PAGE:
AbstractDevice life-time and performance is directly linked to its operating temperature, which necessitates accurate temperature measurements. However, reliable temperature measurement at the device level is challenging due to small device dimensions which are on the order of micrometres. Considering that the trend is toward the miniaturisation of electronic devices, from the micro-scale to the nano-scale, temperature measurements become even more challenging. The available techniques have limitations in terms of either resolution, calibration, acquisition time or equipment cost. This thesis provides an alternative solution to address these challenges by developing a new thermography technique called hyperspectral quantum rod thermal imaging (HQTI), which exploits temperature dependent photoluminescence (PL) emission of quantum rods to obtain the surface temperature map of a biased electronic device, with a straight-forward calibration. This method uses relatively simple, low cost equipment, while achieving sub-micron spatial resolution. This technique is demonstrated by measuring the thermal map of a direct current (DC) operated Gallium Nitride (GaN) high electron mobility transistor (HEMT), achieving an average temperature precision of 4oC, and a 680±20 nm measured lateral optical resolution. The technique was benchmarked against the standard infrared (IR) thermography and it was shown that IR underestimated device thermal resistance by 3 times for the device under test. HQTI is a versatile method for both measurement in sub-micron scale regions of interest and of larger areas in the hundreds of micrometres range. The technique is further extended to time resolved measurements, (T-HQTI), to be able to characterise thermal dynamics of a pulsed operated device. An average time resolution of 20 µs was achieved with the box-car averaging approach. T-HQTI measurements were also verified with sub-micron resolution transient thermoreflectance thermometry (TTR) and a good agreement was found for the 100s of MHz operating regime, which is the typical switching rate for power devices.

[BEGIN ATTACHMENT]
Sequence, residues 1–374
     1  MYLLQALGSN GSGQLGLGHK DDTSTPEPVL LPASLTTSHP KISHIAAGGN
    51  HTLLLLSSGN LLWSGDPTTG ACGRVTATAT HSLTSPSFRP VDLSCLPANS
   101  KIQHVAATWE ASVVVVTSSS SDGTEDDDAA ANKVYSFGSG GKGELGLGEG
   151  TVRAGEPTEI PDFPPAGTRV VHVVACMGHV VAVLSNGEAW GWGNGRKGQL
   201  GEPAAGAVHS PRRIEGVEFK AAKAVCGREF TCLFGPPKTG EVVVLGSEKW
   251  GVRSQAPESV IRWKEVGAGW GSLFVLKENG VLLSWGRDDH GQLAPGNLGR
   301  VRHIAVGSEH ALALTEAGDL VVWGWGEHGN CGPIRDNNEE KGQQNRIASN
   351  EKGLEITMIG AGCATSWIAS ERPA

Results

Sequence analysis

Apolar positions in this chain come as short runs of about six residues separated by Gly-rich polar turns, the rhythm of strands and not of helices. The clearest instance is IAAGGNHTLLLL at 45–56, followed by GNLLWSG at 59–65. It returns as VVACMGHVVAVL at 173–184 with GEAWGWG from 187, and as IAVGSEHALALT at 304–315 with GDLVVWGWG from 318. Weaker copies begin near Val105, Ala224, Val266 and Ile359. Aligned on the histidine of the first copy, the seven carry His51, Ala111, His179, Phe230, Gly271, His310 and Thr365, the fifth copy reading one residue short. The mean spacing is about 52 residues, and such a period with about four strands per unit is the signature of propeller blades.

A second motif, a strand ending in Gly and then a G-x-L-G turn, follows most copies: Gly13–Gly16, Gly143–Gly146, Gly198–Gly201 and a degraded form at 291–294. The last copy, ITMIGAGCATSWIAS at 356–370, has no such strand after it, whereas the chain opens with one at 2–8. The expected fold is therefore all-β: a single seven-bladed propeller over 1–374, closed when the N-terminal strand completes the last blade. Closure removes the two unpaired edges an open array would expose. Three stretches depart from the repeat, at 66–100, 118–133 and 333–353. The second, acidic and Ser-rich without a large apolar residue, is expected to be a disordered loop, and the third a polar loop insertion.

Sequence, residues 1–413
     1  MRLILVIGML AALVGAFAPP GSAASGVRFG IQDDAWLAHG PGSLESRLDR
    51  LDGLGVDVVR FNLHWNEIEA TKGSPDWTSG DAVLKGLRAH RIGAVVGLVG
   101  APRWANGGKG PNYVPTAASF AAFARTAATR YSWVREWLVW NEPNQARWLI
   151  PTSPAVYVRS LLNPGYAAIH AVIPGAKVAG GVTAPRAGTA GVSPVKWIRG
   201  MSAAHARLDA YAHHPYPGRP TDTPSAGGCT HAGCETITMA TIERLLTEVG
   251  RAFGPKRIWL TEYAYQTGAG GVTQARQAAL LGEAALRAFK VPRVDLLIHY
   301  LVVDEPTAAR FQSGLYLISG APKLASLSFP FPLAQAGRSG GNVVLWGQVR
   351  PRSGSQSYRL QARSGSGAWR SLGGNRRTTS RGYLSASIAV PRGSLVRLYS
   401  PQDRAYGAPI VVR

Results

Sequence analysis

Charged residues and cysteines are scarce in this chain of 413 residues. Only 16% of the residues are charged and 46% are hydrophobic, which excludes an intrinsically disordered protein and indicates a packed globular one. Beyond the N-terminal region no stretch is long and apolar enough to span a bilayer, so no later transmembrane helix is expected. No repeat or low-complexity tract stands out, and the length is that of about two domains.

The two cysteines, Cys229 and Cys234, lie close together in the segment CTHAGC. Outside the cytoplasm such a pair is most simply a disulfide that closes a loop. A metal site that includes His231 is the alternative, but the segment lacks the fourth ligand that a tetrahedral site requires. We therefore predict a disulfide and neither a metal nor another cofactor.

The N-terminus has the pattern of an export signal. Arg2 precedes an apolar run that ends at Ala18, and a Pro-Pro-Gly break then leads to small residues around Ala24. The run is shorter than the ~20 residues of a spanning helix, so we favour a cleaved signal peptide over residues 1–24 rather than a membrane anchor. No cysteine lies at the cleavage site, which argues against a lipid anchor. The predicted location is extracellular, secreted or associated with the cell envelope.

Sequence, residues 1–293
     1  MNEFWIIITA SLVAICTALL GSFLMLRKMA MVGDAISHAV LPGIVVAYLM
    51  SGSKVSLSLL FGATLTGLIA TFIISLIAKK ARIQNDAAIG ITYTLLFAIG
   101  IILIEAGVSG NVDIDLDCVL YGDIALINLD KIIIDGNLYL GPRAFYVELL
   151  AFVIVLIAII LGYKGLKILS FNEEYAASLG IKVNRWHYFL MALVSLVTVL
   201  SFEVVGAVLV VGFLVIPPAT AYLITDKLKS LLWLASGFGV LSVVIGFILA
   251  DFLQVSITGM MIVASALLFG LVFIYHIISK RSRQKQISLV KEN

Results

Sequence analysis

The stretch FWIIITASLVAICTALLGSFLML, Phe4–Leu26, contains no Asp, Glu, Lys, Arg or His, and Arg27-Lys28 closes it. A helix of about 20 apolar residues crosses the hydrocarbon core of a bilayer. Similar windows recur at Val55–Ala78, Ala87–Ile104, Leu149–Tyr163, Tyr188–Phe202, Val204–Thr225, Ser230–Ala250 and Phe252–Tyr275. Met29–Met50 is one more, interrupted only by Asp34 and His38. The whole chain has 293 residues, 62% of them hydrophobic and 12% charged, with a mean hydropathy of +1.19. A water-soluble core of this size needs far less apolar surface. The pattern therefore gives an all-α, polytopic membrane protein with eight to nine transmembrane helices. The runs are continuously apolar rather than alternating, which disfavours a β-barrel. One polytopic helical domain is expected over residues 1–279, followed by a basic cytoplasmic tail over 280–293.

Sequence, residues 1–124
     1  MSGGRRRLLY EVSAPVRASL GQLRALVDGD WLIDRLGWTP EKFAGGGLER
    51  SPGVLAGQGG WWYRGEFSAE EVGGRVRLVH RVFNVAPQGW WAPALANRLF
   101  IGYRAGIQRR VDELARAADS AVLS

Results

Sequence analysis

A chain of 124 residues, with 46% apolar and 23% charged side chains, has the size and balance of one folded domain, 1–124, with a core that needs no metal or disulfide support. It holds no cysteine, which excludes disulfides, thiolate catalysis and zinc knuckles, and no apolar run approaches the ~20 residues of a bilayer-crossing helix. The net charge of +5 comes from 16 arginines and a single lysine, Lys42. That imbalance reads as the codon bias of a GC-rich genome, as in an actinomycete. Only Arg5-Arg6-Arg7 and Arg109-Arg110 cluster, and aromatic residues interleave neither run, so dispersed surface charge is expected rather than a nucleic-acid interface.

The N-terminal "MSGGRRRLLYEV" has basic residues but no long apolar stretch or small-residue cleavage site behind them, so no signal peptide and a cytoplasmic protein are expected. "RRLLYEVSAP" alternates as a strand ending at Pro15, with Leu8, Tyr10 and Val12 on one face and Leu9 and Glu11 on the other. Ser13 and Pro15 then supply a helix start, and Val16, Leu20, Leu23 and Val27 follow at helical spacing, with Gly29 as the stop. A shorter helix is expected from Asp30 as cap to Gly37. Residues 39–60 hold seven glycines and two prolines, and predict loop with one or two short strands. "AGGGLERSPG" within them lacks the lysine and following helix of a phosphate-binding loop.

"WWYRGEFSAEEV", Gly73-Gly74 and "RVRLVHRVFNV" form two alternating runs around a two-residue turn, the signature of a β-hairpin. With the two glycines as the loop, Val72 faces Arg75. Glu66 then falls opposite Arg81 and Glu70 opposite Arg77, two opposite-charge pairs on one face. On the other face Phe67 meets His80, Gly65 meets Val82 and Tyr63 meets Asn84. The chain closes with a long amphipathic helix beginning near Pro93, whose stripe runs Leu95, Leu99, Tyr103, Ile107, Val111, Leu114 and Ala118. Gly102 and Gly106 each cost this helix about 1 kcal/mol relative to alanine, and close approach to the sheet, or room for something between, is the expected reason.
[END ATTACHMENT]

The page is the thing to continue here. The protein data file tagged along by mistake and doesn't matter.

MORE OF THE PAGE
Multi-finger enhancement mode GaN-on-Si power devices, which are of concern for the cost-competitive power semiconductors industry, were also thermally assessed at the wafer level, using a combination of thermal measurements and finite element thermal simulations. Identifying thermal bottlenecks of the GaN power devices is critical in order to provide the most cost-effective cooling solution as these devices operate at high powers and any development is limited by the cost constraints. We identified the substrate as the main thermal bottleneck while buffer layer (along with the strain relief layer) possesses a negligible thermal resistance for these large area power devices. It was suggested that thinning the substrate by 7 times could reduce the junction temperature by down to 70% at DC operation, supported by calibrated finite element simulations.
The developments carried out and the findings of this work are expected to help achieving the maximum benefits of GaN technology. The impact of the new thermography technique is even expected to be wider as it can be adopted to, for example, biomedical applications or composite materials, where thermal dynamics at the sub-micron scale are of interest.
|Date of Award||30 Jul 2020|
|Supervisor||Martin H H Kuball (Supervisor)|